semantic constraint, and that constraint would have to be worded to cope
with differing station border definitions, including networks that do
not have them.

Trouble with 2 and 3: As Dirk has pointed out a couple of times, station
borders may be direction-dependent.[1][2]

What is the purpose of defining station borders in the railML
infrastructure? How will the information be used? Maybe the candidates
serve different, (mainly) disjunct purposes?

One possibility is to narrow down the use of each of the existing
possibilities, to try to make them fully disjunct, e.g.:

(1) Borders mark a point in the infrastructure that is relevant for
operations, and should be used where needed by operational rules but not
to model the station area.

Pros: Allows direction-dependent borders. Avoids graph traversal to
determine station area. A missing border does not affect station area.

(2) AreaLocation should be used to define the station area.

Pros: Builds upon topology but does not need to be 1:1. Defined directly
as a child of <operationalPoint> (as opposed to multiple borders).
<operationalPoint>s inside another <operationalPoint> clearly defined.

Question: Should SpotLocation also be accepted, when there is no need to
define an area? Should we rule out LinearLocation for <operationalPoint>?

(3) NetElements model the underlying topology and should not be used to
model station areas (or other areas).

Pros: Purpose separated from AreaLocation. Does not require multiple
meso aggregation levels for <operationalPoint>s inside another
<operationalPoint> or splitting <netElement>s at stopping points.


[1] https://www.railml.org/forum/index.php?t=msg&th=482& goto=1476#msg_1476
[2] https://www.railml.org/forum/index.php?t=msg&goto=1990#m sg_1990


Best regards,
Thomas Nygreen - Common schema coordinator, railML.org


Thomas Nygreen - Coordinator Across Schemes
railML.org (Registry of Associations: VR 5750)
Altplauen 19h; 01187 Dresden; Germany www.railML.org
Re: Station borders [message #2385 is a reply to message #2366] Mon, 09 March 2020 22:01 Go to previous messageGo to next message
Dirk Bräuer is currently offline  Dirk Bräuer
Messages: 271
Registered: August 2008
Senior Member
Dear Thomases and Christian,

> As Dirk has pointed out a couple of times, station borders may be direction-dependent.[1][2]

Thank you, that's exactly what I wanted to mention right now... ;-)

Not only this: There are also several different definitions of station borders at the same time. (In Germany: interlocking, operational and traffic definitions are often different. Several operational stations can form one traffic station, as Berlin Hbf oben + unten + S-Bahn. One operational stations can also consist of several traffic stations, as Dresden Hbf / Mitte / Neustadt. The interlocking borders are wider that the operational borders typically when stations are remote-controlled. But also the other way round, one large operational station can be split into several interlocking areas, as it always was the case for Leipzig Hbf (Prussian / Saxon signal boxes strictly separated) and even nowadays still is (several ESTWs).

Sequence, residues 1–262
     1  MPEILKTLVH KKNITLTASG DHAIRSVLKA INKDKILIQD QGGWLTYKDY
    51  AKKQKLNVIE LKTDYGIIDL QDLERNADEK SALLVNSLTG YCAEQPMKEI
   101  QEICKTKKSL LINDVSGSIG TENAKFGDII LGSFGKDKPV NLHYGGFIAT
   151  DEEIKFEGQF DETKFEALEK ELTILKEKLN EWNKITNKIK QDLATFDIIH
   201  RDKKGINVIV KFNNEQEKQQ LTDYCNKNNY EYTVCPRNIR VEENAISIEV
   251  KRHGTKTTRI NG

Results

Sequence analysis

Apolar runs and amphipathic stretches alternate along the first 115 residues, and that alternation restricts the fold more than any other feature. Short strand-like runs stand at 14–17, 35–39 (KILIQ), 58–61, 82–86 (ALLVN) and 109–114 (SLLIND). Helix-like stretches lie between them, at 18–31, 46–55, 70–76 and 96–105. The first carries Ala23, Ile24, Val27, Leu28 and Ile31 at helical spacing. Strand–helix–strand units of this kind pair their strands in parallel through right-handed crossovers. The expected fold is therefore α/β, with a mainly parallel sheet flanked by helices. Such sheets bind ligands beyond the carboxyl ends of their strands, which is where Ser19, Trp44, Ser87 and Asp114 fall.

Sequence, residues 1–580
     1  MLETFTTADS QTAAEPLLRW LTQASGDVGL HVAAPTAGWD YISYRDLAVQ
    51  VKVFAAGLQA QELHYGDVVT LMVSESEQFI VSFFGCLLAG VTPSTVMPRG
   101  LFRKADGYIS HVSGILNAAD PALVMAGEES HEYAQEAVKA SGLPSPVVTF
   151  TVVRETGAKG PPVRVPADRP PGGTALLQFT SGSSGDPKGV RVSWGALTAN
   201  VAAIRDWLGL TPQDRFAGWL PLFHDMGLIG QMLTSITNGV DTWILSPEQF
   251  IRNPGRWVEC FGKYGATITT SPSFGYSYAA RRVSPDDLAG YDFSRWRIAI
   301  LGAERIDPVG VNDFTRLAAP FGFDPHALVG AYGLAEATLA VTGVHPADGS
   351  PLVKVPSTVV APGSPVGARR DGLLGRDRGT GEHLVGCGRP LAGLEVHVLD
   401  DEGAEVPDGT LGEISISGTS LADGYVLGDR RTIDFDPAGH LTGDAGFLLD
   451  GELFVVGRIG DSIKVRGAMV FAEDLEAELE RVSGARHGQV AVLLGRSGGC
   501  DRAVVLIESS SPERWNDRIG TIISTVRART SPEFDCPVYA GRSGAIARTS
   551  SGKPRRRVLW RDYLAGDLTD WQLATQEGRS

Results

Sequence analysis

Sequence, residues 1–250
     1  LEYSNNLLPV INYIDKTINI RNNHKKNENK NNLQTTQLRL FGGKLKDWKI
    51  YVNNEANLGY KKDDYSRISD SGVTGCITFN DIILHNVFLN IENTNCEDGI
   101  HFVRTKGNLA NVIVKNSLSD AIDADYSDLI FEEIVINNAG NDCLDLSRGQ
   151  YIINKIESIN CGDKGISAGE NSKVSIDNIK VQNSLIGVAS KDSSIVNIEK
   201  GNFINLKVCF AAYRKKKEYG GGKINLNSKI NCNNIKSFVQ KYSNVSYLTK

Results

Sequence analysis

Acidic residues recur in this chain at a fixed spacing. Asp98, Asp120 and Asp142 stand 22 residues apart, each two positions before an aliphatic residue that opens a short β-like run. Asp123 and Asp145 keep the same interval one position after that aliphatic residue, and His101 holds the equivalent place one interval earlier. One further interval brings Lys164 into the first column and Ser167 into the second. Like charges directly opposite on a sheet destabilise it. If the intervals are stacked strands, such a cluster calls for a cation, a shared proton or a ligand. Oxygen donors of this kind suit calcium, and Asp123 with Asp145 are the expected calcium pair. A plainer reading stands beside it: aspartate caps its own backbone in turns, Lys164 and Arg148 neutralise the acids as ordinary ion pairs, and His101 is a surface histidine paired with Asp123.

All together: When defining station borders, always allow a definition which kind of border type is meant and allow definitions depending on direction.

Dirk.
Re: [railML3] Station borders [message #2396 is a reply to message #2385] Fri, 13 March 2020 12:23 Go to previous messageGo to next message
christian.rahmig is currently offline  christian.rahmig
Messages: 260
Registered: January 2016
Senior Member
Dear Dirk,

Dirk Bräuer wrote on Mon, 09 March 2020 22:01
All together: When defining station borders, always allow a definition which kind of border type is meant and allow definitions depending on direction.

Thank you for your feedback. Following your requirement for modelling station borders option 1 (a dedicated <border> element) seems to be the only solution. Are there any other opinions from the community?

I also appreciate the idea of Thomas to distinguish between different purposes. In particular,
* <border> elements can be used to locate a (direction dependent and type specific) station border
* <operationalPoint><areaLocation> may be used to define the (static) station area.

What does the community think about this modelling approach for railML 3.x? Any comments are very much welcome...

Best regards
Christian


Christian Rahmig - Infrastructure scheme coordinator
railML.org (Registry of Associations: VR 5750)
Altplauen 19h; 01187 Dresden; Germany www.railML.org
Re: [railML3] Station borders [message #2405 is a reply to message #2396] Fri, 20 March 2020 18:00 Go to previous message
Fabrizio Cosso is currently offline  Fabrizio Cosso
Messages: 10
Registered: September 2017
Junior Member
Dear all,
I would like to add my point of view to the discussion:
- "whether you need to distinguish between "in-station" and "outside-of-station": yes, we did. Several applications, one of them traffic monitoring system, need to know what is in and what is out.
- regarding how to model borders, I'm not sure we need to add a specific functional infrastructure element: is a border a physical element - e.g. a signal? There are several kind of signals already available.
What about using belongsToParent in order to determine what is within an operational point and what is out?

Thanks

BR

Fabrizio